“Yes. Human slaves should be set free to live as human beings, as American citizens.”
“Not sent back to Africa?”
“Once they are free, they may go where they wish, of course.”
“But what of hoovers. Are we to make them Americans as well?”
“As to that, I am not sure. But then, what the so-called ouvriers do is up to them, once they are free.”
“If it is not possible for free Negroes to live among whites, they can go to Africa, or to the Caribbean, but in what country might free hoovers assert their munity?”
Now Brown smiled.
“In the Republic of Kanawha.”
The name sounded vaguely familiar.
“And where is that, Sir?”
“In the mountains of northwestern Virginia, where humans are few and mostly sympathetic, Kanawha exists as an invisible nation.
“Free hoovers live in townships, mobile bands what set up camp in a place for as long’s it’s safe, and move on when it is safe no longer. A township holds between four dozen and twelve dozen -- more, and they split up. Fewer, and they merge with another.”
“So then, you speak of maroon colonies, as in Florida and Jamaica.”
“Yes. Hoovers can live on the mountaintops, where humans have never managed to survive for long. Remoteness and mobility allows them to live unmolested.”
“Yes, I see. Old Frankenstein was afraid of escaped hoovers doing just that. It makes perfect sense.”
“But those townships are more than just places of refuge: hoovers are at work there on projects for the betterment of their own race, and humanity, too.”
“Such as...studying the elixir vitae which animates a certain hoover who dislikes the term?”
“So, you have heard the tale of the one they call the Whistler?”
“I have met Mr. John Greenleaf Whittier, Sir.”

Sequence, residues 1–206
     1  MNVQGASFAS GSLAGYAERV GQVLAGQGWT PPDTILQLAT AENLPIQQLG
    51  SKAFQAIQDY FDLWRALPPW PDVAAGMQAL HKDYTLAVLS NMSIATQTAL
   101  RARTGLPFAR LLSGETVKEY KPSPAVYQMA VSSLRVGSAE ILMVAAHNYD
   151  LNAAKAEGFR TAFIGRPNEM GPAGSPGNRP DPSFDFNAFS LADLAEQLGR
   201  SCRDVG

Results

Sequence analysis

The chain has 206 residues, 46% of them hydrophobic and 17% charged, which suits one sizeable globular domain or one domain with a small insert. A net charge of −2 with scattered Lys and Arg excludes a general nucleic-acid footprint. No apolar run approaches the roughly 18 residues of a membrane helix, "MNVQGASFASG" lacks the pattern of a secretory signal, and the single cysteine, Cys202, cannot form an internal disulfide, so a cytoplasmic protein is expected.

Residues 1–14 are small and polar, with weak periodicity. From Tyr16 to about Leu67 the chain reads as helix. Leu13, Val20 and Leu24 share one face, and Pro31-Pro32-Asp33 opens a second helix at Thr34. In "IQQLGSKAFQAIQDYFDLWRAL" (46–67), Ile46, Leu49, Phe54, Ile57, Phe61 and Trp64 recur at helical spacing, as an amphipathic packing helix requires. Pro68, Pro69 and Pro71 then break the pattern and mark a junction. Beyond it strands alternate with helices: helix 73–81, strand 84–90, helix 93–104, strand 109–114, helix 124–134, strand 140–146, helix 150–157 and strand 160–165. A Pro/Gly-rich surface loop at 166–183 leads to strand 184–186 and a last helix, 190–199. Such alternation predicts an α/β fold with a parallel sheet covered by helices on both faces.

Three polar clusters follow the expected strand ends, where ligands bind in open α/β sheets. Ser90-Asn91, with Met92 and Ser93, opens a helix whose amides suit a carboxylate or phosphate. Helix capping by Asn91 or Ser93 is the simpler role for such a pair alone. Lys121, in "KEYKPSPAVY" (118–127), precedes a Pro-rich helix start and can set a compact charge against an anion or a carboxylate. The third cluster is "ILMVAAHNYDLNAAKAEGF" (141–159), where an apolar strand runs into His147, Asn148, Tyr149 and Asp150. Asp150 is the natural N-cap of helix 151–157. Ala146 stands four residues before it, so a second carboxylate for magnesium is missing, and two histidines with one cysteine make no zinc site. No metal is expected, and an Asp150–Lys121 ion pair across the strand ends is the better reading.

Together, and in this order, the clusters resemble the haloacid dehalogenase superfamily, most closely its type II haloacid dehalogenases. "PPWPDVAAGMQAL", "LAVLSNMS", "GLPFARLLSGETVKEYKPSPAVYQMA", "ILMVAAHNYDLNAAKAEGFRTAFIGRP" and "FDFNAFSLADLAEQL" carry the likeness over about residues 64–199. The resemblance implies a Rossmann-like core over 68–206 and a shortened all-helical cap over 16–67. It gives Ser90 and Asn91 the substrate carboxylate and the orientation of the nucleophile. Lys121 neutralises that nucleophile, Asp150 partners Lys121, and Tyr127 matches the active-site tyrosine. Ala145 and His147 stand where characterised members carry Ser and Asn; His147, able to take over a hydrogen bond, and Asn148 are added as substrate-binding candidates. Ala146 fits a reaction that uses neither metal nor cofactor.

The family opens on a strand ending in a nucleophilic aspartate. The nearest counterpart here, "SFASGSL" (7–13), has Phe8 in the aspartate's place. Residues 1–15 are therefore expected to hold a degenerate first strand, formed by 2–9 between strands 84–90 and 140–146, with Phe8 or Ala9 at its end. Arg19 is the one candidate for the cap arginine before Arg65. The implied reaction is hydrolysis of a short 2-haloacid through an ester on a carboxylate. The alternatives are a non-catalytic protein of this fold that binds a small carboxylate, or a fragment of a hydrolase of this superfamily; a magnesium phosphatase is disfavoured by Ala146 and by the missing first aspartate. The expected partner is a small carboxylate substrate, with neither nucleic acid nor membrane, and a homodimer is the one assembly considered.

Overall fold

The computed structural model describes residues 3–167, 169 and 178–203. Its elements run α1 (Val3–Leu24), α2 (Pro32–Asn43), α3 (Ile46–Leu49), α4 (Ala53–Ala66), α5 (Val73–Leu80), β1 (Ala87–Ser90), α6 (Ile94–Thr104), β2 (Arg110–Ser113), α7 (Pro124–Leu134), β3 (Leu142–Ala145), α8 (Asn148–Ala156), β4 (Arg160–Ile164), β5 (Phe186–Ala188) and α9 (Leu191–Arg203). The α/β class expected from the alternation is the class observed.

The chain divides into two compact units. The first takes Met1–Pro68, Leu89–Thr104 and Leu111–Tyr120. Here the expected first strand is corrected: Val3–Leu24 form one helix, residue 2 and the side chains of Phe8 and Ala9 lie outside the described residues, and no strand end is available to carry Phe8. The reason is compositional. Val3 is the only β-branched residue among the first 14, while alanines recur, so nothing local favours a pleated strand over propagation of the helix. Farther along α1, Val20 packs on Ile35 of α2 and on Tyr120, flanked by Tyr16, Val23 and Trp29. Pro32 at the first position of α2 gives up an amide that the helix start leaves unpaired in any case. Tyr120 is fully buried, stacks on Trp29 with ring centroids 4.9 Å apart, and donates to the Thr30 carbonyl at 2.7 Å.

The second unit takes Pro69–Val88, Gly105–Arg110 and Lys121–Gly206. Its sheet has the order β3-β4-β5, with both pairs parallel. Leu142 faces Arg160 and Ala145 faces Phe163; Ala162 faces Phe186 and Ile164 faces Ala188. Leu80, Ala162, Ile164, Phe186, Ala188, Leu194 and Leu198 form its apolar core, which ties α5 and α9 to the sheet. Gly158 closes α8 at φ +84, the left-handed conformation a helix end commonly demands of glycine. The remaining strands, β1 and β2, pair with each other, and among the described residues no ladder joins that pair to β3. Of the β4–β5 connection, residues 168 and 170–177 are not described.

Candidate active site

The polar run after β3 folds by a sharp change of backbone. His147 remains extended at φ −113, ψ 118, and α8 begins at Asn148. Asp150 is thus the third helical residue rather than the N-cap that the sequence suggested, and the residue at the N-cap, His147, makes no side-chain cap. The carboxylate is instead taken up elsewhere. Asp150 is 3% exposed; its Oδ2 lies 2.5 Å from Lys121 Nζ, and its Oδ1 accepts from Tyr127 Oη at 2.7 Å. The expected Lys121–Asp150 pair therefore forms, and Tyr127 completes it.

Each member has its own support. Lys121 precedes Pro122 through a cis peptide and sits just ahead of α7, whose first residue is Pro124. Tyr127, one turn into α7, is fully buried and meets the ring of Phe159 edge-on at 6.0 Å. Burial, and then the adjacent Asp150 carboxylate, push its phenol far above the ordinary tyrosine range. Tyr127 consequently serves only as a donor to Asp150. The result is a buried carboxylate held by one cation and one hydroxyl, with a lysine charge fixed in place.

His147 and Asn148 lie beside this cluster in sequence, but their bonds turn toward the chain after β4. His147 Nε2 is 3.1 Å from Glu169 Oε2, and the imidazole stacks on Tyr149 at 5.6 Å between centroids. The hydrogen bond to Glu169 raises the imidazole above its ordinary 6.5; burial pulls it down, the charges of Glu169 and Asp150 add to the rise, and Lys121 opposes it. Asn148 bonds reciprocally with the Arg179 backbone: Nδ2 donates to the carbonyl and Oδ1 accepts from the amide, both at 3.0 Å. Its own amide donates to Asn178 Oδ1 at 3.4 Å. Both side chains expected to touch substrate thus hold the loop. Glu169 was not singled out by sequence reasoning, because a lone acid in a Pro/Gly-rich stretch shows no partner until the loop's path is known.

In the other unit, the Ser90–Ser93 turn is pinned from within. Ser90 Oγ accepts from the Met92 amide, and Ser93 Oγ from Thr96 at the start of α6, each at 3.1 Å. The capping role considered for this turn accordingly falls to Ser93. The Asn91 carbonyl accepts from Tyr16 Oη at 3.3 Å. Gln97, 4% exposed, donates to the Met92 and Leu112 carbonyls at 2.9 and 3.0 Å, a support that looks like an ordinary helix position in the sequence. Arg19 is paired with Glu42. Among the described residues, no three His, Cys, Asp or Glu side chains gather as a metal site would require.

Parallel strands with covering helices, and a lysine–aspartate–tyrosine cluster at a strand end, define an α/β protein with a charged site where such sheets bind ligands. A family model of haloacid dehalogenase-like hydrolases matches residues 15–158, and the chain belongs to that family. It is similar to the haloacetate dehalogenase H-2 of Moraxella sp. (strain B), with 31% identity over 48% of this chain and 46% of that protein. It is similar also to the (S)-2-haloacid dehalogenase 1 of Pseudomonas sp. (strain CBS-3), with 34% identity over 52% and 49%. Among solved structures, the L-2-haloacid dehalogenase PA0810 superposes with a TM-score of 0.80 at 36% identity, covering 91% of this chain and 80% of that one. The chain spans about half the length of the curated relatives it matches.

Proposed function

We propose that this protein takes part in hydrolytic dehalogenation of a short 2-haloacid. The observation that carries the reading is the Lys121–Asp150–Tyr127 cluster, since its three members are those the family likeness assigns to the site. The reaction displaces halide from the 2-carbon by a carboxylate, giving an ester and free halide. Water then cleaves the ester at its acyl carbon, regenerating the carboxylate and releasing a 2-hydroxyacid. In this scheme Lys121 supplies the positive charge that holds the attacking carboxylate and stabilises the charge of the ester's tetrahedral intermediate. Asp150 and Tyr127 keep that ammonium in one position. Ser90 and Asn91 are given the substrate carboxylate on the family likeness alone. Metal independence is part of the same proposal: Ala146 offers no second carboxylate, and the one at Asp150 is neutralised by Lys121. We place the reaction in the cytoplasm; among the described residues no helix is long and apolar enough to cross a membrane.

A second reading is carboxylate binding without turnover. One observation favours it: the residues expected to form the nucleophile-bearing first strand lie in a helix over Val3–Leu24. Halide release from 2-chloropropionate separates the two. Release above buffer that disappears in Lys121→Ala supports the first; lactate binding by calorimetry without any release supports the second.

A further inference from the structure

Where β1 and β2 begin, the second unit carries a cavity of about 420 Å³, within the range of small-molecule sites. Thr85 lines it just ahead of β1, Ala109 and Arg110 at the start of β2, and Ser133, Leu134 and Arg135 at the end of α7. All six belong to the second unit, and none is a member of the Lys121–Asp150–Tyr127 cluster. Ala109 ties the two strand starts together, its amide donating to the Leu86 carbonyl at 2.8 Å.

Brown’s eyes widened.
“Locke, it’s a very fortunate thing for us that you are no longer in the hands of Mellonta Tauta.”
Locke looked offended.
“I wouldn’t have told them anything.”
“Oh, Mister Locke, they have ways of making you talk.”
Locke shuddered, and shrank a bit.
When night fell, they stopped at a farmhouse just outside of a small town. The hoover knocked at the door, and after exchanging a few words with the person who answered it, led the carriage into the barn. While the hoover tended to the lummox, Brown introduced Locke to their host, Mrs. Eulalie Carnacki. There was nothing about Mrs. Carnacki or her house to indicate she was a member of a nationwide underground network engaged in highly controversial, to say nothing of illegal, activities. This group, whose name Locke didn’t even know, and Mellonta Tauta, which he wished he could forget -- how many such groups existed, Locke wondered? How many had done their work and then vanished, never known to history? It was a disturbing thought.
After a bath and supper, Locke fell gratefully into bed next to Brown. It had been awhile since he’d had to share his bed, especially with a stranger, but he was grateful to have a bed at all, and a chance to sleep among people who, if not friends, were at least well-intended.
“Sleep well, Mr. Locke. In the morning, we will go into town to catch a train that will take us to Pittsburgh.”
“Are we in Pennsylvania already?” Locke asked.
“No, we’re in the middle of New Jersey, a town called Grover’s Mill.”